William Henry Green

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Not to be confused with William Henry Green II.
William Henry Green
William Henry Green (January 27, 1825 – February 10, 1900) circa 1880.jpg
Born (1824-01-27)January 27, 1824
Groveville, New Jersey
Died February 10, 1900(1900-02-10) (aged 76)
Princeton, New Jersey
Nationality American
Occupation Scholar

William Henry Green (January 27, 1824 – February 10, 1900), was an American scholar of the Hebrew language. He was born in Groveville, near Bordentown, New Jersey.

Biography[edit]

He was descended in the sixth generation from Jonathan Dickinson, first president of the College of New Jersey (now Princeton University), and his ancestors had been closely connected with the Presbyterian church. He graduated in 1840 from Lafayette College, where he was tutor in mathematics (1840–1842) and adjunct professor (1843–1844). In 1846 he graduated from Princeton Theological Seminary, and was instructor in Hebrew there from 1846 to 1849.

He was ordained in 1848 and was pastor of the Central Presbyterian church of Philadelphia from 1849 to 1851. From August 1851 until his death, in Princeton, New Jersey, aged 75, he was professor of Biblical and Oriental Literature in Princeton Theological Seminary. From 1859 the title of his chair was Oriental and Old Testament Literature.

In 1868 he refused the presidency of Princeton College; as senior professor he was long acting head of the Theological Seminary. His Grammar of the Hebrew Language (1861, revised 1888) was a distinct improvement in method on Gesenius, Rödiger, Ewald and Nordheimer. All his knowledge of Semitic languages he used in a conservative Higher Criticism, which is maintained in the following works:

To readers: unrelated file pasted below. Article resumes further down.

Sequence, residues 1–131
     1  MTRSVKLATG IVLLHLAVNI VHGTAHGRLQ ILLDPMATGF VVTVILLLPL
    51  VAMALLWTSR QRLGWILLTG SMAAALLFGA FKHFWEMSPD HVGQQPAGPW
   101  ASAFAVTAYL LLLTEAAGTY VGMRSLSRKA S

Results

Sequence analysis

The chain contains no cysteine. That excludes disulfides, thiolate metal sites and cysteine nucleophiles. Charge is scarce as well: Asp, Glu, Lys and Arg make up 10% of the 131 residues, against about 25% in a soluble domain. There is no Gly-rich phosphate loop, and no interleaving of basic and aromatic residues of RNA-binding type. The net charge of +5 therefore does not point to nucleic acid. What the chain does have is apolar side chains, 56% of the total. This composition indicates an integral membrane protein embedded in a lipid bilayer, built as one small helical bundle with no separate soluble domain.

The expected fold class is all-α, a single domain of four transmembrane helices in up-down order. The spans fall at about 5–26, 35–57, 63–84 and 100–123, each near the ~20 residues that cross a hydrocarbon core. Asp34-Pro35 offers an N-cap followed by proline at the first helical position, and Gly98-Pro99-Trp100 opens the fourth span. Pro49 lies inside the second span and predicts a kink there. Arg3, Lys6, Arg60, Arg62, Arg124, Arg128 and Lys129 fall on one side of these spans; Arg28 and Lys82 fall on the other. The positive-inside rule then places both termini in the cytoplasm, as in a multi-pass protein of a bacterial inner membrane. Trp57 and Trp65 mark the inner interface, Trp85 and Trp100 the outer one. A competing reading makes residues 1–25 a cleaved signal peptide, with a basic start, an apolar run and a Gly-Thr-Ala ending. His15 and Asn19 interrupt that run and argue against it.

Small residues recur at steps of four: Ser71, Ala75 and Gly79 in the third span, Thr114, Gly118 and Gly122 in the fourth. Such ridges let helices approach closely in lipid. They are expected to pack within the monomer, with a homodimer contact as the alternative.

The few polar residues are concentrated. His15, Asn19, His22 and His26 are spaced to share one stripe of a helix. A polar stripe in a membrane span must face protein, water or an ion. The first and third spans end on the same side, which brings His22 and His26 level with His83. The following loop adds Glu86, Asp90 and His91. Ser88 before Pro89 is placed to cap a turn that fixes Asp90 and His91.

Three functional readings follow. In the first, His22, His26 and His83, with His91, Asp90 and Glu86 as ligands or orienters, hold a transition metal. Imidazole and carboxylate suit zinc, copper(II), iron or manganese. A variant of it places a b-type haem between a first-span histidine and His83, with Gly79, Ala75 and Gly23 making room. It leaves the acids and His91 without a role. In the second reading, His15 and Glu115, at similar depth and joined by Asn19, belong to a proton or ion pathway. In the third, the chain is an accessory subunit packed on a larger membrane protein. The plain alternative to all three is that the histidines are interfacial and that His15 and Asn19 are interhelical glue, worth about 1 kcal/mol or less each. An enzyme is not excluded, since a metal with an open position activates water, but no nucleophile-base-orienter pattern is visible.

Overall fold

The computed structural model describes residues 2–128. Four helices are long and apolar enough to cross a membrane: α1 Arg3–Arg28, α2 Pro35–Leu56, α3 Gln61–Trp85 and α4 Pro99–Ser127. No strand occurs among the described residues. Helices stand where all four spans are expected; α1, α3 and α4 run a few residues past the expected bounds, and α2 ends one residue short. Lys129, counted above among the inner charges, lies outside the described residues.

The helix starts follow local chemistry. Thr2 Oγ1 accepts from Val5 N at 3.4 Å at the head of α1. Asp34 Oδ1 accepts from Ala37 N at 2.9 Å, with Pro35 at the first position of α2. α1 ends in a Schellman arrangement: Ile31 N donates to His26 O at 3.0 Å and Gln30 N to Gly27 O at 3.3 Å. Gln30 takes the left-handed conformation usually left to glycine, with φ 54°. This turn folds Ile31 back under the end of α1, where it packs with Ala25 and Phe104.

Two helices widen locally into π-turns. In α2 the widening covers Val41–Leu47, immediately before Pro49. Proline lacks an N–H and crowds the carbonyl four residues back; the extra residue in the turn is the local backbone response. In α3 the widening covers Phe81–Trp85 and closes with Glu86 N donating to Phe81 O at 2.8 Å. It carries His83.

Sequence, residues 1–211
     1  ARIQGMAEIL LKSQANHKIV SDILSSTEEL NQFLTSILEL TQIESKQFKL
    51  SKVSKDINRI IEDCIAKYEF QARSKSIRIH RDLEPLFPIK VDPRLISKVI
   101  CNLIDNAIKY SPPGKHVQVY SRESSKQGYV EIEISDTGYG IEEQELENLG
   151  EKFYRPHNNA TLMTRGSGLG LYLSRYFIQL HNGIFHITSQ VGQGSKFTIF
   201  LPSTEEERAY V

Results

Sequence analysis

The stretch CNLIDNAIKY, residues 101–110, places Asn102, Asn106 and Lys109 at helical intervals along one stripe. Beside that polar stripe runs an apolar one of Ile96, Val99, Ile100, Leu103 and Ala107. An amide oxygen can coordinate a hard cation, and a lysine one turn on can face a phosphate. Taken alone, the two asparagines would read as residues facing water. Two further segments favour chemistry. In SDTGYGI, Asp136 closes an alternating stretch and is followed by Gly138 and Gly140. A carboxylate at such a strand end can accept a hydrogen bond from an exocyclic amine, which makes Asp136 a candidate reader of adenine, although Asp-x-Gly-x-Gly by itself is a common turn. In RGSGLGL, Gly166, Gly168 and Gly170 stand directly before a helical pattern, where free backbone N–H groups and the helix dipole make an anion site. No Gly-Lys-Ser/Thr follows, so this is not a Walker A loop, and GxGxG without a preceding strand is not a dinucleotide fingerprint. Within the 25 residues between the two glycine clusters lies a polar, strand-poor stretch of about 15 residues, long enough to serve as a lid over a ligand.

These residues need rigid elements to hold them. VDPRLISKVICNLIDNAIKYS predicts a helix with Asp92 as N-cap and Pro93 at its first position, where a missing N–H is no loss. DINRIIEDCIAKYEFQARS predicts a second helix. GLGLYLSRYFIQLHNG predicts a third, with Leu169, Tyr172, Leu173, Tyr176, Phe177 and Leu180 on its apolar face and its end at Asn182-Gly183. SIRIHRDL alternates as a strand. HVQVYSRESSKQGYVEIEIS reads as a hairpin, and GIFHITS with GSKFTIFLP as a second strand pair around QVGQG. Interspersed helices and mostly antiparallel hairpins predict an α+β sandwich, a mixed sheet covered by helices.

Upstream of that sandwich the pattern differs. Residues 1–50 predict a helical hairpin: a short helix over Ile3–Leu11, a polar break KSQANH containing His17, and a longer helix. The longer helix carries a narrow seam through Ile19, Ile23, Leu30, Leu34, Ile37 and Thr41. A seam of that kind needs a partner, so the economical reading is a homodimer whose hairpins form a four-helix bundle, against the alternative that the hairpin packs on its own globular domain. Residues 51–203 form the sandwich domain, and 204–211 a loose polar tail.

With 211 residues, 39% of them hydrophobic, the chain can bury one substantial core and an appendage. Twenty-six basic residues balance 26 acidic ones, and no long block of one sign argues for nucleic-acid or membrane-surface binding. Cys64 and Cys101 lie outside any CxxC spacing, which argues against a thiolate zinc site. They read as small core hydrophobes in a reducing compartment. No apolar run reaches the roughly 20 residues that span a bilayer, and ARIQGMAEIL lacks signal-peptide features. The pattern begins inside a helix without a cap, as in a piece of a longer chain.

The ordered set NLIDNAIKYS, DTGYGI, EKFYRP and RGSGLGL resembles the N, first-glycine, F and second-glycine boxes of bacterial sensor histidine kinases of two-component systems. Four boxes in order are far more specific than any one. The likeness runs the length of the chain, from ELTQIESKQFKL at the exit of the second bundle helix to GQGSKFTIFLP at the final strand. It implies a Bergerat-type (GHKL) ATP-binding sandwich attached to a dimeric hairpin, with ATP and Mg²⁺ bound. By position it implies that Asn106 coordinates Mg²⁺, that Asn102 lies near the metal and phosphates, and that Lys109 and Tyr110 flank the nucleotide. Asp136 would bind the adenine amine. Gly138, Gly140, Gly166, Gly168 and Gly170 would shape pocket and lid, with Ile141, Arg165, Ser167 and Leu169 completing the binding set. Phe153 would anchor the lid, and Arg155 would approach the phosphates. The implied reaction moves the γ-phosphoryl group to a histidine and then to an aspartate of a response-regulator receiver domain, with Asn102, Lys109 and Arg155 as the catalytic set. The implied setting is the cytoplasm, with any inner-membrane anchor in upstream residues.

In 1890 he published a highly influential article in Bibliotheca Sacra entitled "Primeval Chronology"[1] in which he strongly criticized Irish Archbishop James Ussher's popular chronology of the world back to Creation and its association with the King James Bible:

We conclude that the Scriptures furnish no data for a chronological computation prior to the life of Abraham; and that the Mosaic records do not fix and were not intended to fix the precise date either of the Flood or of the creation of the world.

  • The Pentateuch Vindicated from the Aspersions of Bishop Colenso (1863)
  • Moses and the Prophets (1883)
  • The Hebrew Feasts in their Relation to Recent Critical Hypotheses Concerning the Pentateuch (1885)
  • The Unity of the Book of Genesis (1895)
  • The Higher Criticism of the Pentateuch (1895)
  • A General Introduction to the Old Testament, vol. i. Canon (1898), vol. ii. Text (1899)

He was the scholarly leader of the orthodox wing of American Presbyterianism, and was the moderator of the General Assembly of 1891. Green was chairman of the Old Testament committee of the Anglo-American Bible revision committee.

References[edit]

Attribution

External links[edit]